4 keys to Cougars' hoops success next season

PULLMAN — An upper-division Pac-12 finish next season for Washington State's men's basketball team would build nicely on the momentum created by the Cougars' run in the CBI. And on paper at least, the crimson outlook for 2012-13 looks promising. There are four keys to turning that hope into the reality of a better tomorrow.

1. Brock Motum must return.

His dalliance with the idea of heading to the European pro leagues sounds like it may be wistful, but for the Cougar Nation it's a frightening thought. He was the Pac-12's top scorer this season and one of its top rebounders. Plus, the Cougars will need his leadership next season with the graduation losses of Marcus Capers and Abe Lodwick.
Motum was forced to play a lot of center this year. But with ongoing development from D.J. Shelton and the hoped-for arrival of 6-10 Richard Peters (he has academic work to do and it's a question that might not be known until July), Motum would figure to get more time at his natural position of power forward.

2. Kansas transfer Royce Woolridge has to make an immediate impact.

Given his work in practices as a redshirt over the last five months, there is every reason to believe the 6-3 shooting guard can be the difference maker he's been hyped to be. He's athletic, handles the ball well and can drive, but above all he possesses a nice stroke from outside. A tantalizing hint of his downtown proficiency was on display before a recent practice. Assistant coach Curtis Allen would feed Woolridge bounce passes about 18-feet away from the hoop. Woolridge would have to run to a spot, catch the ball and shoot. He didn't miss until his 19th shot.

The Cougars this season learned to play without a consistent offensive threat at guard when senior Faisal Aden went down with injury. People had high hopes Mike Ladd could become a viable threat. He was dogged with injury part of the season and looked to be more of a complimentary player than a centerpiece when he was on the court. But a fully healthy Ladd, coupled with Woolridge, could significantly boost the Cougars' production at off guard, particularly on kick outs to the perimeter. A legitimate perimeter game would, in turn, create opportunities in the paint as opposing defenses couldn't bank on sagging inside.

3. Reggie Moore, the dish king of the Pac-12 this season, needs to up his game by finishing at the rim.

His 3-of-16 shooting performance against Oregon State in the Pac-12 Tournament was a microcosm of his season around the rim. That's frustrating, yes, but also encouraging. How so? Three reasons: First, it's critical in WSU's guard/wing-heavy lineup that the point play aggressively and drive the lane, which Reggie can do well, as the CBI tourney run illustrated. Second, most of the shots he's taking are good looks, not cringe-inducing head shakers. And third, he doesn't seem to be missing left or right as much as he is short or long -- a telltale sign that his mechanics are good.

Moore scored in double figures 13 times during the regular season and hit 36 percent of his three-point tries. He averaged a whopping 5.2 assists per game in setting the single-season WSU assists record (193) and a team-leading 32.8 minutes per game. He's a seasoned veteran whose game is more complete than ever. If he can add one element -- finishing around the rim -- he will be one of the Pac-12's premier players next season.

4. Some combination of the four new recruits needs to step into prime time.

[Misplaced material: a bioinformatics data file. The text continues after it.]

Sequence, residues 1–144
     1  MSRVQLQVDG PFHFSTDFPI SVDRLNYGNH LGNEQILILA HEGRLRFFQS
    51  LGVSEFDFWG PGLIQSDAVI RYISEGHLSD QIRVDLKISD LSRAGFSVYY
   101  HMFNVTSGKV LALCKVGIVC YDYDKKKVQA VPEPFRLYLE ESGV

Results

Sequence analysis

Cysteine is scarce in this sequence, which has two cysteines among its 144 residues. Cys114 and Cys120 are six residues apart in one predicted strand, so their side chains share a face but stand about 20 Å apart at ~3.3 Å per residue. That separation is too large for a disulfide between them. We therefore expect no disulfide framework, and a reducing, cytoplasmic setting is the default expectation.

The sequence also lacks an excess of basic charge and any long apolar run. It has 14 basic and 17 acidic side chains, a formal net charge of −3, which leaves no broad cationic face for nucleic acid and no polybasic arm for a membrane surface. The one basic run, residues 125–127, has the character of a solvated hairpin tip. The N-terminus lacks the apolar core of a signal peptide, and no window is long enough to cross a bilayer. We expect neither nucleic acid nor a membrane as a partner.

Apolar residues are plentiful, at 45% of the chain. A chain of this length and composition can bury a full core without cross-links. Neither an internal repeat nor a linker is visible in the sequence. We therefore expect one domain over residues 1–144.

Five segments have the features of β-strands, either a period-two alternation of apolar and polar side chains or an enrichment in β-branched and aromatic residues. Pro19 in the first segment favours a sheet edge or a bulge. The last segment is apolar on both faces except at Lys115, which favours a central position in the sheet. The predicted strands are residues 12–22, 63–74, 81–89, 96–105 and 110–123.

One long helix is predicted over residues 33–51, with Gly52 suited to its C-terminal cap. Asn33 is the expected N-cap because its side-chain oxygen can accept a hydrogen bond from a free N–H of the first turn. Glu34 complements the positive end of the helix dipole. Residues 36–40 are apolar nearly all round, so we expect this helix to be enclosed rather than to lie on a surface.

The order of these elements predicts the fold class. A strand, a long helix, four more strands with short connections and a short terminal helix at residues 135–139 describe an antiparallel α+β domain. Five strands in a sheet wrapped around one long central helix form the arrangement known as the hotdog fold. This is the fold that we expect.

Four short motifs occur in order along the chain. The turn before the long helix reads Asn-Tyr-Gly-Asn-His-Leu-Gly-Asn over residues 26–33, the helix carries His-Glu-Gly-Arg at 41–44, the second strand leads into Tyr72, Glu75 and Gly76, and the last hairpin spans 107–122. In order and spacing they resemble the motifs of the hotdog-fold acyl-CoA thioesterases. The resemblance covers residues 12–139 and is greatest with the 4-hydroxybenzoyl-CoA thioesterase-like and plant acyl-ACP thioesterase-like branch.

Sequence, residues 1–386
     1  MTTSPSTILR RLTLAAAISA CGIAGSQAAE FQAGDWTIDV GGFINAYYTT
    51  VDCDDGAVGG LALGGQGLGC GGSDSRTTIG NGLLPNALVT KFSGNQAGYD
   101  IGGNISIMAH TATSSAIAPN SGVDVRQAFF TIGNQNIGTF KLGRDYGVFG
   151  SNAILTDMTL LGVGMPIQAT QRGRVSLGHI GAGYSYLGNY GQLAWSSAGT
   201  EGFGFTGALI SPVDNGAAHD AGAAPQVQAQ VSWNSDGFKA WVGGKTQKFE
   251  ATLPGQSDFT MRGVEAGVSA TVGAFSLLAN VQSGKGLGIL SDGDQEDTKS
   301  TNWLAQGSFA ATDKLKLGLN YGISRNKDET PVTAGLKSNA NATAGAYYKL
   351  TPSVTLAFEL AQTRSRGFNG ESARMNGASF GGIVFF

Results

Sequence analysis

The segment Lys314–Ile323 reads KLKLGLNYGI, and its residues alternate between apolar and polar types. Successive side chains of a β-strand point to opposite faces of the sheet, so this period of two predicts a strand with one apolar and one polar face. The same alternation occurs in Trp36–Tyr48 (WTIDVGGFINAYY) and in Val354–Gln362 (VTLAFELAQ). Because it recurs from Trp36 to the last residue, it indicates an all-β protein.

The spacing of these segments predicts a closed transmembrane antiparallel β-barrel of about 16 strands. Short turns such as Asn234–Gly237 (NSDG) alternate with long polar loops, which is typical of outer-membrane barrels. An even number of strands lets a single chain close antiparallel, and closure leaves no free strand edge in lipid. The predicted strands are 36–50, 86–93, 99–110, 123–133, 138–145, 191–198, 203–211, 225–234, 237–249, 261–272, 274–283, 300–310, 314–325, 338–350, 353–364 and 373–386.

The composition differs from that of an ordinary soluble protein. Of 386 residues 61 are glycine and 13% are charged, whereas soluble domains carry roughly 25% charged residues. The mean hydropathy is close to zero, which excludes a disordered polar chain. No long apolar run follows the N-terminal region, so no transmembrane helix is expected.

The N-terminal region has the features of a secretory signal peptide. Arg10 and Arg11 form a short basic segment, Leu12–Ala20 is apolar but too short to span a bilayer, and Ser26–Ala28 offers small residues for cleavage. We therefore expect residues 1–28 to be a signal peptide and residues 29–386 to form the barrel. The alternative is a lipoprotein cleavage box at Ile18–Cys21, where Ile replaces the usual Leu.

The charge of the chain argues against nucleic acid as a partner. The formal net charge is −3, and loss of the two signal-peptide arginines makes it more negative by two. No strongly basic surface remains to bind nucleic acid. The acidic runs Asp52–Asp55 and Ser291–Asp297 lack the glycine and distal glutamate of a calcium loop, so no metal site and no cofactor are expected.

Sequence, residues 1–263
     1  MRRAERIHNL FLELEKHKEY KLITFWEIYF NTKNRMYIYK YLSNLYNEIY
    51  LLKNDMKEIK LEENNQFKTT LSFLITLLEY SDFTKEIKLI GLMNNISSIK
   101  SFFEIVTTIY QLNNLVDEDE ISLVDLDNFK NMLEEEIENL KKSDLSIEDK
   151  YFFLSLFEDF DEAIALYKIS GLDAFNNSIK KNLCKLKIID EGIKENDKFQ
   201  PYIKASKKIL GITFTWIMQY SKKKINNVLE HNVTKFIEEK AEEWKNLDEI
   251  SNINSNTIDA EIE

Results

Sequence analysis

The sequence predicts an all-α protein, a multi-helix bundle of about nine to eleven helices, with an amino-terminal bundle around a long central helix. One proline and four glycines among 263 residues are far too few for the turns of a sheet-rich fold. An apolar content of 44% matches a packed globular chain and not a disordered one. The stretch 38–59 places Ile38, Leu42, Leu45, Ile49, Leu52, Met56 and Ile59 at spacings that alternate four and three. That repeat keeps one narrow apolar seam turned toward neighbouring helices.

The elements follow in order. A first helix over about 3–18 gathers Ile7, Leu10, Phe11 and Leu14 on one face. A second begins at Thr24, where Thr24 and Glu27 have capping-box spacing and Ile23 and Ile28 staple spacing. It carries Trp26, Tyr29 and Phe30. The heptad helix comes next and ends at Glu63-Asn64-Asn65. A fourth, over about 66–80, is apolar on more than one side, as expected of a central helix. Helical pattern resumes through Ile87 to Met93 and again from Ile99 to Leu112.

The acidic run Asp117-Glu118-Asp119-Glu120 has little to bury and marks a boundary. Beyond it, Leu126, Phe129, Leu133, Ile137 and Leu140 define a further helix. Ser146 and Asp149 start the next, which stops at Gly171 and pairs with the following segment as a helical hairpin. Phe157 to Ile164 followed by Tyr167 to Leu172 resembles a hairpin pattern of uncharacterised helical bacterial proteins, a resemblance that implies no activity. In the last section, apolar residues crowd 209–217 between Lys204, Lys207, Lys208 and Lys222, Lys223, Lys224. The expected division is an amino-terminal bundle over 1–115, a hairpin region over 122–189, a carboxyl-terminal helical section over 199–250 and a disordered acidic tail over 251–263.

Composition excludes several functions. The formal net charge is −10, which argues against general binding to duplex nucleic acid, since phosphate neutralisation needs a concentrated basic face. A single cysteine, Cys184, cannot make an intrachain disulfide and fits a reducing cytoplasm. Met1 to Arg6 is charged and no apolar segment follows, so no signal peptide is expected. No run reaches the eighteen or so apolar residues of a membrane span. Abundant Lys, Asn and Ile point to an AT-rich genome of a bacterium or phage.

Peters (6-10, 260) is a definitive post player, while Demarquise Johnson (6-5, 180), Richard Longrus (6-6, 210) and Brett Boese (6-7, 205) are forward/wing types. Collectively, they are one of the most intriguing recruiting classes at WSU in years. Peters and Johnson still need to qualify academically, a process that could basically take until July to achieve. Johnson is hugely athletic and a tremendous shooter, and has gotten the bulk of the press -- but given the Cougars' thin post depth, Peters is perhaps the more urgent acquisition. Longrus is a multi-dimensional player in the Capers-mode defensively, but more skilled offensively. Boese is a catch-and-shoot bomber first and foremost, though he's improved his ability to go the hoop.

IN ABOUT EIGHT MONTHS we'll have a better sense of where the Cougars are headed. At this stage, however, the odds seem good that if a check-mark can be placed next to each of the four items listed above then the Cougs' post-season outlook will be bright.


  • It seemed like sophomore walk-on Will DiIorio played less this season than last, but a check of the stats says not so. He played 125 minutes this season vs. 88 last. The misguided impression may stem from game appearances. He played in 18 contests this year vs. 21 last season, and a notable number of those came in the stretch run of the Pac-10 regular season.

  • The graduation departures of Abe Lodwick, Marcus Capers and Charlie Enquist mark the Cougars' last official roster ties to Bennett Ball. But two unofficial connections remain: Brock Motum and Patrick Simon -- both verbally committed to the Cougs under Tony Bennett and later signed LOIs with Ken Bone.

  • This year's Cougar team featured eight players from the state of Washington. That's the most in-staters to suit up for WSU in one year since the days of Marv Harshman 40-plus years ago. The locals included five scholarship players (Enquist of Edmonds, Lacy of Tacoma, Ladd and Moore of Seattle, and Simon of Ephrata), plus three walk ons (DiIorio of Bainbridge Island, Dominic Ballard of Bothell, and David Wink of Bellevue). The incoming recruiting class includes one more in-stater: Brett Boese of Spokane, whose uncle Jim Meredith was a star player for the Cougs under Harshman in the 1960s.

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